22. We either give in to the process of submitting the self with good grace, or, we are crushed into submission by the totality of the other. Either way the self is destined for extinction.
The self has been created for extinction. Not death – extinction. The self will be obliterated. It will be rubbed out as if it was not. The self I am referring to here is the persona, this idea that you exist as an individual. This does not refer to the perceiver, the observer who looks through the mask of the persona.
We have two choices in the face of impending extinction. We either dance with and in the process of dancing, we experience that who we thought we were, is not who we actually are. You aren’t this individual. You are a far bigger thing that flows through your individuality. When this is the case the loss of your individuality that death implies is neither catastrophic nor unpleasant. It is deeply gratifying.
Or you insist that you exist as an individual in which case your extinction will be horror. The extinction of your individuality, identity and persona is not negotiable. Extinction is your lot as an individual creature like it is for every single individual creature. This is not negotiable. The only thing that is negotiable is your good grace in the process. So if you act consistently with the insight that you don’t exist separately then you become part of something which is bigger than you and which cannot die; which doesn’t become extinct because it is the One Life from which all life comes.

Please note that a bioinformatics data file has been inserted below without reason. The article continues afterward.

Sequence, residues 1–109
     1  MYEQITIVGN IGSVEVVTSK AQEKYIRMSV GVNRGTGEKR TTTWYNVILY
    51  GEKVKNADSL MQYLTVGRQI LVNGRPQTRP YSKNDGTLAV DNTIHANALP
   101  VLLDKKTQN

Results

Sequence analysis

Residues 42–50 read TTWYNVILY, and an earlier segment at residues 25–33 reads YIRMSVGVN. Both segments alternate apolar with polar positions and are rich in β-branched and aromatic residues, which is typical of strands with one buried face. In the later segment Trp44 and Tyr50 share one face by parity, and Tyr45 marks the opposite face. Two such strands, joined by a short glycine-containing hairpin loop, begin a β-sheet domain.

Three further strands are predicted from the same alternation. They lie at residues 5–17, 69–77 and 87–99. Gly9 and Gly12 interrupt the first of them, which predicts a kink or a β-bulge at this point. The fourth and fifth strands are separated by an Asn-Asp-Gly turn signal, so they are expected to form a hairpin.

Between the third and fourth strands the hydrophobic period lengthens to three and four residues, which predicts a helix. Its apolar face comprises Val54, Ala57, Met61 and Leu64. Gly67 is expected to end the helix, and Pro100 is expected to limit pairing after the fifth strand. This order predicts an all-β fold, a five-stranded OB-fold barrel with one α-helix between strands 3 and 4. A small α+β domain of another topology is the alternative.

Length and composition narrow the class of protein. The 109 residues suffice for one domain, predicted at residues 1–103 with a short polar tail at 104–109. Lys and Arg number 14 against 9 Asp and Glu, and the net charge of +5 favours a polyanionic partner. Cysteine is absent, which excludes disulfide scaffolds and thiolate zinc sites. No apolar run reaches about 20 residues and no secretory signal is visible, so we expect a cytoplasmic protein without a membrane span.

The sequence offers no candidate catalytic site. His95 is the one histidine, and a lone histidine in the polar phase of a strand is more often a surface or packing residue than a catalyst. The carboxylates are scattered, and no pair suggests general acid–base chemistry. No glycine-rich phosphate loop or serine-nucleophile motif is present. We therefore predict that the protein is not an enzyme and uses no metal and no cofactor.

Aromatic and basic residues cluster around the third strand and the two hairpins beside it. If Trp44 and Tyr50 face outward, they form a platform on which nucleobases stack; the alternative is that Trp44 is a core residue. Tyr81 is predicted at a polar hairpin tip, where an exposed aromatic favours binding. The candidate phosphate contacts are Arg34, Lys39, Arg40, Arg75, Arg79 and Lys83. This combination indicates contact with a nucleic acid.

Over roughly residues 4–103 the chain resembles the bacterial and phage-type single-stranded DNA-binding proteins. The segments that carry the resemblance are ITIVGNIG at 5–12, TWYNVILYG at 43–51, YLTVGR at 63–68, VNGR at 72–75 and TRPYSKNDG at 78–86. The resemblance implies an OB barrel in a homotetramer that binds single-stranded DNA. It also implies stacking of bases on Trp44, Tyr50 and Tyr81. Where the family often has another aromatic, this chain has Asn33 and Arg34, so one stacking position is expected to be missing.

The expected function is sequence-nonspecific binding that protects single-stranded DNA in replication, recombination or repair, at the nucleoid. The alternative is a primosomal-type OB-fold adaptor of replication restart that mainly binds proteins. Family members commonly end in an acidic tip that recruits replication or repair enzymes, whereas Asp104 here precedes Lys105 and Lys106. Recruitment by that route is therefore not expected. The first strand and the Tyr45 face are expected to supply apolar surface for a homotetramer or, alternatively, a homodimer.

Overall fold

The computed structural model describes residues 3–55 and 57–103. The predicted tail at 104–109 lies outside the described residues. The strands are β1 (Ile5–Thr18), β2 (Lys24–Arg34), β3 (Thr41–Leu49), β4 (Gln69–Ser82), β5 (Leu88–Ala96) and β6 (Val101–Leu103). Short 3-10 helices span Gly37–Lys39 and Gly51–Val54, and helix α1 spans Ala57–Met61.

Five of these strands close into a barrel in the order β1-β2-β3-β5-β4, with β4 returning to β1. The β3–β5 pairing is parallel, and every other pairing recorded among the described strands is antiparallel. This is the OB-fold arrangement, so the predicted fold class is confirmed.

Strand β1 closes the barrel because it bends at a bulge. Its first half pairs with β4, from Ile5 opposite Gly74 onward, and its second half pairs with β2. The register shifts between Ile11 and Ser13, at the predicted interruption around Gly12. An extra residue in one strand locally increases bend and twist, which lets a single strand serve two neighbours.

It is very interesting that many religions describe hell as a fire. Further, it is a fire which perpetually burns off your skin only for it to be instantly replaced. Without going into a debate about the nature of the hereafter, this is a very helpful metaphor. When you insist that you exist as an individual your death will be experienced as a perpetual burning off of your boundaries, your skin.
The burning off of your skin is perpetual because at the moment of death you escape time. There are no clocks in the grave. There is no metronomic measure of seconds. That belongs to the realm of the living. The final moment of your life is the final moment. It does not have a moment behind it. It becomes a perpetual continuity. It just means it has escaped time. It is no longer in time. There are no clocks. When you die, when you are finally rubbed out, time ceases for you which means that one moment is an eternal moment.
If stepping into that eternal moment is experienced as a horrifying burning away of your boundaries, that horror does not have a punctuation point behind it. Eternal horror. You have a choice about that eternal moment. It can either be deeply affirming or like a perpetual extinction, a perpetual burning away of your skin, of the boundary which separates you from the world. Horror upon horror!
Constantly acting with the intent to serve is therefore about practising for an eloquent death. However, we need to remind ourselves what we have discovered about the intent to serve thus far:
There are two ways of trying to maintain the boundaries of the self. The one is to dominate and the second is to appease. The transactional essence of domination is “I’m here to get. Shut up and give me what I want. I will brutalize you to suit my own ends.” The transactional patterning of appeasement is “I give to get.” It therefore has as its essence manipulation and the problem with manipulation is that it is deeply sleazy.